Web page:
barriers, such as pool fencing, to prevent unsupervised access are
    necessary.
   Learn Cardiopulmonary Resuscitation (CPR). In the time it might take for
    paramedics to arrive, your CPR skills could make a difference in
    someone’s life.
   Do Not Use Air-Filled or Foam Toys. Do not use air-filled or foam toys,
    such as "water wings", "noodles", or inner-tubes, in place of
    life jackets (personal flotation devices). These toys are not
    designed to keep swimmers safe.
   Avoid Alcohol. Avoid drinking alcohol before or during swimming,
    boating, or water skiing. Do not drink alcohol while supervising
    children.
                 If you have a swimming pool at home:
   Four-Sided Fencing. Install a four-sided pool fence that completely
    separates the house and play area of the yard from the pool area.
    The fence should be at least 4 feet high. Use self-closing and
    self-latching gates that open outward with latches that are out
    of reach of children. Also, consider additional barriers such as
    automatic door locks or alarms to prevent access or notify you if
    someone enters the pool area.
   Clear the Pool and Deck of Toys. Remove floats, balls and other toys from
    the pool and surrounding area immediately after use so children
    are not tempted to enter the pool area unsupervised.
            If you are in or around natural bodies of water:
   Know the local weather conditions and forecast before swimming or
    boating. Strong winds and thunderstorms with lightning strikes
    are dangerous.
   Use U.S. Coast Guard approved life jackets when boating,
    regardless of distance to be traveled, size of boat, or swimming
    ability of boaters.
   Know the meaning of and obey warnings represented by colored
    beach flags    , which may vary from one beach to another.
   Watch for dangerous waves and signs of rip currents (e.g., water
    that is discolored and choppy, foamy, or filled with debris and
    moving in a channel away from shore). If you are caught in a rip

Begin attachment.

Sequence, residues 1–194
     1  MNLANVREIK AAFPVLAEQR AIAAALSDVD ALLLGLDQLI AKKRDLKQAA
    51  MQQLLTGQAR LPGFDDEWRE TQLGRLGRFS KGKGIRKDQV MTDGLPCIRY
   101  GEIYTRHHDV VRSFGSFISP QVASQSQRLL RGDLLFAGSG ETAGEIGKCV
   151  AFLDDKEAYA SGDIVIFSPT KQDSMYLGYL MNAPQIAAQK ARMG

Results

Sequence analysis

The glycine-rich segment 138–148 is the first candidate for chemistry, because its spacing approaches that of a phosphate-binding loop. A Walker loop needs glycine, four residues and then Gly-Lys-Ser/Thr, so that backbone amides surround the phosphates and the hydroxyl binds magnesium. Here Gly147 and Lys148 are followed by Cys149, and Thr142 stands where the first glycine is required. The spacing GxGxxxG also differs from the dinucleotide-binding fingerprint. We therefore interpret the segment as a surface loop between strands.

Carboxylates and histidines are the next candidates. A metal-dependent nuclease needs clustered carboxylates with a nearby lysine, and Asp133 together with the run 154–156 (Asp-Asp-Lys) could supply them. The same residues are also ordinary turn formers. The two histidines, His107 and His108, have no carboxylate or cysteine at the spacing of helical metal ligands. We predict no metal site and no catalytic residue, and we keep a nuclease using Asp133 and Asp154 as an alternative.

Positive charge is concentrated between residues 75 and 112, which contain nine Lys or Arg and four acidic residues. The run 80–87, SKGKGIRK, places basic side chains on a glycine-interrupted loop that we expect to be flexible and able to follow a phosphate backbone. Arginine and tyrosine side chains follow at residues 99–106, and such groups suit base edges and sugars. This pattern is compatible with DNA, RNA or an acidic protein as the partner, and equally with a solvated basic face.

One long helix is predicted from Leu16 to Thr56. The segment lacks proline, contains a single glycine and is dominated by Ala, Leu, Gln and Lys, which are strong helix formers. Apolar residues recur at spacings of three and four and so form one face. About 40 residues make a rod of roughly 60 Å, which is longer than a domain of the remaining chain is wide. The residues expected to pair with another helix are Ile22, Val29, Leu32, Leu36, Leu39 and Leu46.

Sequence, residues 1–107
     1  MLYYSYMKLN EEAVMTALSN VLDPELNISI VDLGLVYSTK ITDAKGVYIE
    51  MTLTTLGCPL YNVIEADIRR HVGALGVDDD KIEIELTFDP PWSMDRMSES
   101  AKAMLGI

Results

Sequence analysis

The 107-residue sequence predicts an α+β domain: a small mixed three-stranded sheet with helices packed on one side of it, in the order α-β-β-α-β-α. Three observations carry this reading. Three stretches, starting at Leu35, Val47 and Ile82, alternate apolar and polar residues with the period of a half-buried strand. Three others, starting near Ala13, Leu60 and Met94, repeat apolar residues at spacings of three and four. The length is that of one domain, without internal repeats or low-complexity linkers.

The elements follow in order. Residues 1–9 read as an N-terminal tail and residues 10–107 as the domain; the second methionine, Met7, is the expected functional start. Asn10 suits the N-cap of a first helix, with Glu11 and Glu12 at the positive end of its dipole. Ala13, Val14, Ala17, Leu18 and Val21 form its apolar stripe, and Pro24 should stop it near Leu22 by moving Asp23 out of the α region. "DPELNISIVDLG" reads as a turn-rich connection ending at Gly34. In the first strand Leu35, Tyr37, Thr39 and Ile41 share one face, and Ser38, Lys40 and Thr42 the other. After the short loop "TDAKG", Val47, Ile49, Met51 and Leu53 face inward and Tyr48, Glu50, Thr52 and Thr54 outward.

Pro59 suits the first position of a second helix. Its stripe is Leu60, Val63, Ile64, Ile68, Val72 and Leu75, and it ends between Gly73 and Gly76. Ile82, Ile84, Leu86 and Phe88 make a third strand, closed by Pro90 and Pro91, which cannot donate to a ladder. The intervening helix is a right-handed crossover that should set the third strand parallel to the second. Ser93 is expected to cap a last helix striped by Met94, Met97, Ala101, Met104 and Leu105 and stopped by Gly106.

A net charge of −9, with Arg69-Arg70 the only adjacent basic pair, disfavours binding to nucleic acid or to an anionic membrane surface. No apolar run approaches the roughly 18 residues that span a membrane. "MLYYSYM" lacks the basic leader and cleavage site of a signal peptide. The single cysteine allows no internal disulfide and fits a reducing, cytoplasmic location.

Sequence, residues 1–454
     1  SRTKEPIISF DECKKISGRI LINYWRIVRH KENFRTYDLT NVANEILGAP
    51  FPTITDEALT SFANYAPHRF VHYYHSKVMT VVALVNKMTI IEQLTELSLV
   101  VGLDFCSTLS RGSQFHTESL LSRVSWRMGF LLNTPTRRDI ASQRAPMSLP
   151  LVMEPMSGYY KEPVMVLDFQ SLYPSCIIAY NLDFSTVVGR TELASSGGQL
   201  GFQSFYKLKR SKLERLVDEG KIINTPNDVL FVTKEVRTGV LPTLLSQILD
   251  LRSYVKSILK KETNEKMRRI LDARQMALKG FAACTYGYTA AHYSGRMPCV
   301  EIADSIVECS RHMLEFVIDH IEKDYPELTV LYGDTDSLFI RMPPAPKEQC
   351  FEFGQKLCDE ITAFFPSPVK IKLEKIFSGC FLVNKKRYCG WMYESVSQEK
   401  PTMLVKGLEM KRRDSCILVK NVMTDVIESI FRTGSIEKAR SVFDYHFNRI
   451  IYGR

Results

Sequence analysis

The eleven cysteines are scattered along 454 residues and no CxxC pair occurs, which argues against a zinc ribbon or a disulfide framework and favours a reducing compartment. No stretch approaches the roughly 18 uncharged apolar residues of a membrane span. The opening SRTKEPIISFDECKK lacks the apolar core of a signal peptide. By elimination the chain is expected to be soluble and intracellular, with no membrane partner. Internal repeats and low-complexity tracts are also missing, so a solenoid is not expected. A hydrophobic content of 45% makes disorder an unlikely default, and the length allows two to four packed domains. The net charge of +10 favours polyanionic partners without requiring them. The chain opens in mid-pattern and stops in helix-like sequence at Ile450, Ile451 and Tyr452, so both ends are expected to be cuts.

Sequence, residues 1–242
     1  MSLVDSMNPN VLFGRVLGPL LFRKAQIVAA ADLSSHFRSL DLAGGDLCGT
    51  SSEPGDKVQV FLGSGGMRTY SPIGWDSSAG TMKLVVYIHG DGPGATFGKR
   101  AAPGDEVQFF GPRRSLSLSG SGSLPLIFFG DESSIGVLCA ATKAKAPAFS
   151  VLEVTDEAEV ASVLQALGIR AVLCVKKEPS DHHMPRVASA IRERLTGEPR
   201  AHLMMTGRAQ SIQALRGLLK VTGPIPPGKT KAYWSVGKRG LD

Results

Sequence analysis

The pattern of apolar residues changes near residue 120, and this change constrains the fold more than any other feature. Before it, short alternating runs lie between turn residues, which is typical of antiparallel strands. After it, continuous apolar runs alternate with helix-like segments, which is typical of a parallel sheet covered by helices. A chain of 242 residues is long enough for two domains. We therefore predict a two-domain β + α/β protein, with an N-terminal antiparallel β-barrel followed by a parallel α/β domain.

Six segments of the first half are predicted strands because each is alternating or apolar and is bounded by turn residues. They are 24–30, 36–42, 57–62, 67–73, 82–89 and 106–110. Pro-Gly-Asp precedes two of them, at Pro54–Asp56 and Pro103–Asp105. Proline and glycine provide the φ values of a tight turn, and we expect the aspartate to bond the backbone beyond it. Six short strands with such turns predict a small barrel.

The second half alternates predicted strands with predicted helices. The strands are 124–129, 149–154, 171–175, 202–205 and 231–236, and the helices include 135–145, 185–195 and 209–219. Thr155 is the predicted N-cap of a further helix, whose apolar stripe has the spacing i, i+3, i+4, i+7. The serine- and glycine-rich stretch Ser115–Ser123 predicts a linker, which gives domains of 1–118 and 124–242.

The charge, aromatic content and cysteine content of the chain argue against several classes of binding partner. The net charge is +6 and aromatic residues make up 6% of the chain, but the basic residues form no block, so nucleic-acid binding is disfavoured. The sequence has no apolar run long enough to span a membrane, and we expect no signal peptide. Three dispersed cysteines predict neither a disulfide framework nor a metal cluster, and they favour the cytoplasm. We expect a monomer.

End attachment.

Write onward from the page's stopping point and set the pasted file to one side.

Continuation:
current, swim parallel to shore; once free of the current, swim
    toward shore.
DID YOU KNOW? The Leading Causes of Summer Injuries & Deaths in the
Marine Corps are:

                              Motorcycles
                     Drowning / Water Activities
                              Water Sports
                        Team & Contact Sports
                          Outdoor Recreation



 The beginning of summer typically means it’s time to play ball, go
fishing, hiking, camping, or simply relax and have a backyard barbecue
with family and friends. Whatever you are into, apply risk management
when planning each and every summertime activity. Most of the things
that can go wrong in off-duty activities are easy to anticipate and
avoid. A few smart decisions go a long way toward maintaining our
Marine Corps combat readiness. Remember, our forces are affected just
as drastically by an off-duty mishap as by one occurring at work or in
combat. The summertime season, from Memorial Day to Labor Day, are
typically when more off-duty mishaps and traffic deaths occur than any
other time of the year. It’s a period when many Marines are on the
road traveling from one duty station to the next, riding or buying
motorcycles with little to no recent experience, visiting family,
attending beach parties, cookouts and other summer events. Combining
summer fun with alcohol consumption, hot weather, not enough rest and
high-risk activities is a receipt for disaster. As a Marine, you have
the responsibility to prepare for and go into combat at any time. At
home, you have a mission on a more personal level to be there for your
family, friends, fellow Marines and to prevent tragedies that occur
when people do not manage risk and make poor decisions.
Other surveys that can be utilized by Commanders for anonymous
feedback from their unit or Command. Surveys are specifically designed
and tailored to help spot deficiencies and plan for pre-summer safety
events and operational pauses. SemperFiSurveys.org also provides Issue
Papers, which highlight and provide analysis of current problems
identified in recent anonymous survey answers. In particular, Issue
Paper #33 identifies the Top 10 summertime recreational and off-duty
activities in which Marines participate, potentially injuring
themselves or others. One tool commanders can use to assist in
summertime mishap prevention is the Ground Climate Assessment Survey
System (GCASS). Surveys and Issue papers at www.semperfisurveys.org
include PMV, Off Duty Rec, Drinking & Driving, and many others.


Once Again, we encourage you to review the “Marine Corps Traffic
Safety Program”, (MCO 5100.19E) and the (MCO 5100.30A) Off Duty
Recreation Order. Collectively we can collectively raise the bar in
awareness, reduce risk and maintain a high level of readiness 24/7!




                   Click on the link for more tips.

                  http://www.safetycenter.navy.mil/